Chapter

Deserted Chambers of the Mind (Schumann Memories)

Laura Tunbridge

in Rethinking Schumann

Published in print January 2011 | ISBN: 9780195393859
Published online May 2011 | e-ISBN: 9780199894406 | DOI: http://dx.doi.org/10.1093/acprof:oso/9780195393859.003.0017
Deserted Chambers of the Mind (Schumann Memories)

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This chapter discusses the significance of two persistent themes in late twentieth‐century musical, filmic, and visual representations of Schumann's life and legacy: childhood and mental illness. Responses to Schumann can be framed within the terms of renegotiating relationships with the German Romantic canon after World War II. But rather than evoking grand historical narratives, Schumann's music is more consistently connected with personal memories of childhood experiences and explorations of mental illness, as is demonstrated through examples from a range of decades, media, and continents, from film (Ingmar Bergman) and the visual arts (Anselm Kiefer and Neo Rauch) to music (from R. Murray Schafer and Francis Dhomont to Wolfgang Rihm and Heinz Holliger). Composers' use of musical quotations and commentaries on their works suggest that Schumann is considered to have been detached from the world, either physically (through his incarceration at Endenich) or mentally (through fantasies and hallucinations).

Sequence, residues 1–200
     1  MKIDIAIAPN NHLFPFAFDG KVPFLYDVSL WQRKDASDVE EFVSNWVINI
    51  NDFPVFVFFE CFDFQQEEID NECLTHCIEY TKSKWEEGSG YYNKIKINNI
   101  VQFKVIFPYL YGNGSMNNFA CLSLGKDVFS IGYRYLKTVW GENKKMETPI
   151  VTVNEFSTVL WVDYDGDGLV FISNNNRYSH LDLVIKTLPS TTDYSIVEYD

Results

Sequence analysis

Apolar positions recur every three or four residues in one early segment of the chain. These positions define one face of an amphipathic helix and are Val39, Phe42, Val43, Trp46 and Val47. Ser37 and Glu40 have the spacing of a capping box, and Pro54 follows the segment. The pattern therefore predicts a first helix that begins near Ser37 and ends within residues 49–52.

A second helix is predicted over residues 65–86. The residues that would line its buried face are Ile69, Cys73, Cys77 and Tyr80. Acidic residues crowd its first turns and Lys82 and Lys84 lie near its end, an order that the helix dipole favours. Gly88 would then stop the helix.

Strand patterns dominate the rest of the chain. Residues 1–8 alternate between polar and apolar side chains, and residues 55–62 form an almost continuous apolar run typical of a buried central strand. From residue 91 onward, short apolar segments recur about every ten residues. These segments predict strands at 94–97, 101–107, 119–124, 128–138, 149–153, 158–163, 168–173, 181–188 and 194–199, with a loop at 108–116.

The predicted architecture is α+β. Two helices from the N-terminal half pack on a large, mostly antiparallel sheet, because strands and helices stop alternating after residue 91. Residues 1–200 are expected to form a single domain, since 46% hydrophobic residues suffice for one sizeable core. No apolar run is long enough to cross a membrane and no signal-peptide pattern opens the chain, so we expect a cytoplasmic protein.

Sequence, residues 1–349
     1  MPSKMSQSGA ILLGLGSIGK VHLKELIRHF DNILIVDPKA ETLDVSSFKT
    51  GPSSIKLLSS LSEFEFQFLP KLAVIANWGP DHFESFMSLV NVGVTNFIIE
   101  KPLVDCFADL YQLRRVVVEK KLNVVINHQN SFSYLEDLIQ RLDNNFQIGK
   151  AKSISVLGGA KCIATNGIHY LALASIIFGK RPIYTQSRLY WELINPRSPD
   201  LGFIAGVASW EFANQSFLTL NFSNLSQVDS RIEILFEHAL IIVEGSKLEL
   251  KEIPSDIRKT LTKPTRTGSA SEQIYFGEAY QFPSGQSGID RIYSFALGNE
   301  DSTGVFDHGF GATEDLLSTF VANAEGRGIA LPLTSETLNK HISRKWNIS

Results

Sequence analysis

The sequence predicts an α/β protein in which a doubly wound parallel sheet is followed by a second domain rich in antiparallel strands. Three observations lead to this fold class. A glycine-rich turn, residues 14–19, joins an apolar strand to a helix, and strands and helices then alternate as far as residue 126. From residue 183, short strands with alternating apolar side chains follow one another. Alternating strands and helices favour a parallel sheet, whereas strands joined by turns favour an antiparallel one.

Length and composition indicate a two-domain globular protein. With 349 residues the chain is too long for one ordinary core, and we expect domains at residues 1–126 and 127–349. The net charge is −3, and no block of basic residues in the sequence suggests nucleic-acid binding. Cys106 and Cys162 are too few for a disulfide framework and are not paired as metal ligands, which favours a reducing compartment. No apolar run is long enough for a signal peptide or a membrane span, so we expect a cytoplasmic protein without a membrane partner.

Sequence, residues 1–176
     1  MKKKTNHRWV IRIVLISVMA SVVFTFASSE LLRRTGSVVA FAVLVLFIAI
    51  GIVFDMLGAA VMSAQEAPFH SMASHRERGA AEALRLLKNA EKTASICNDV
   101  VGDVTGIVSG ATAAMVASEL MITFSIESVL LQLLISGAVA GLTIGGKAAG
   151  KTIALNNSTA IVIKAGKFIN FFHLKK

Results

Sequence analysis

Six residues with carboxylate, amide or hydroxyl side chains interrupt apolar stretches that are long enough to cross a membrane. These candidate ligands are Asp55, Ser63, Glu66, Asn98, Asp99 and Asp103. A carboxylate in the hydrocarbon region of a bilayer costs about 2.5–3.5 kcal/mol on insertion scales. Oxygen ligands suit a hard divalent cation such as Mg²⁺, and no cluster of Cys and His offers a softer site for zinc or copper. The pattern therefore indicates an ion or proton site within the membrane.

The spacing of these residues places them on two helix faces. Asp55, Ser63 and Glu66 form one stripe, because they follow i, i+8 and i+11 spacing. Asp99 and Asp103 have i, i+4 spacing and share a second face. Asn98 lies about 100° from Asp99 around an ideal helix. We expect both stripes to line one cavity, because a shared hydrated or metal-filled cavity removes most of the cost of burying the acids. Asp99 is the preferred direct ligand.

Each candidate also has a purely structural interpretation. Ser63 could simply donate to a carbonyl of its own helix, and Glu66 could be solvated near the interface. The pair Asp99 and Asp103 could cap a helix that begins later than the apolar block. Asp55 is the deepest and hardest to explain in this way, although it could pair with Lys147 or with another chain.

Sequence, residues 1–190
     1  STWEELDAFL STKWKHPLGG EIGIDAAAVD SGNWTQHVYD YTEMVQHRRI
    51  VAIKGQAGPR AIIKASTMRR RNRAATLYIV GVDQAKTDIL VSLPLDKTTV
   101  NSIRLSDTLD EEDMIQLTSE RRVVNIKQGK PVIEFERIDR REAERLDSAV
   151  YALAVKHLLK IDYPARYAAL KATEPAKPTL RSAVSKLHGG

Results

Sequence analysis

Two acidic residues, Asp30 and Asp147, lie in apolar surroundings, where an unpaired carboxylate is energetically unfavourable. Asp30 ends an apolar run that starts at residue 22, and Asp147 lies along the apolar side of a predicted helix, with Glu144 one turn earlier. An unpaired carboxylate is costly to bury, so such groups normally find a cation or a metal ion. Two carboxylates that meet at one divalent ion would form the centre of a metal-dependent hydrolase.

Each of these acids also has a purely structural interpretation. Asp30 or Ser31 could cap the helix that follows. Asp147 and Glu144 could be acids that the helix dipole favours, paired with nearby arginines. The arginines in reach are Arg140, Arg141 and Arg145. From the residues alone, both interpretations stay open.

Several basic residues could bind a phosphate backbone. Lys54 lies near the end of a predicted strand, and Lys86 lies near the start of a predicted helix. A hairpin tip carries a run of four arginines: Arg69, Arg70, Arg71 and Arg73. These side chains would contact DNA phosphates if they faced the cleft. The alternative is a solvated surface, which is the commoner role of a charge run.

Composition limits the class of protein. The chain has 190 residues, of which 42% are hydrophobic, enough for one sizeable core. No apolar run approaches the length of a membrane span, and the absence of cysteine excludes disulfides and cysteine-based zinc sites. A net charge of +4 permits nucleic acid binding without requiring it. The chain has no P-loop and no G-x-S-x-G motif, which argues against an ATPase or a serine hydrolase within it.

Keywords: Quotation; Wolfgang Rihm; Francis Dhomont; Heinz Holliger; childhood; memory; mental illness; Ingmar Bergman

Chapter.  5112 words.  Illustrated.

Subjects: Musicology and Music History

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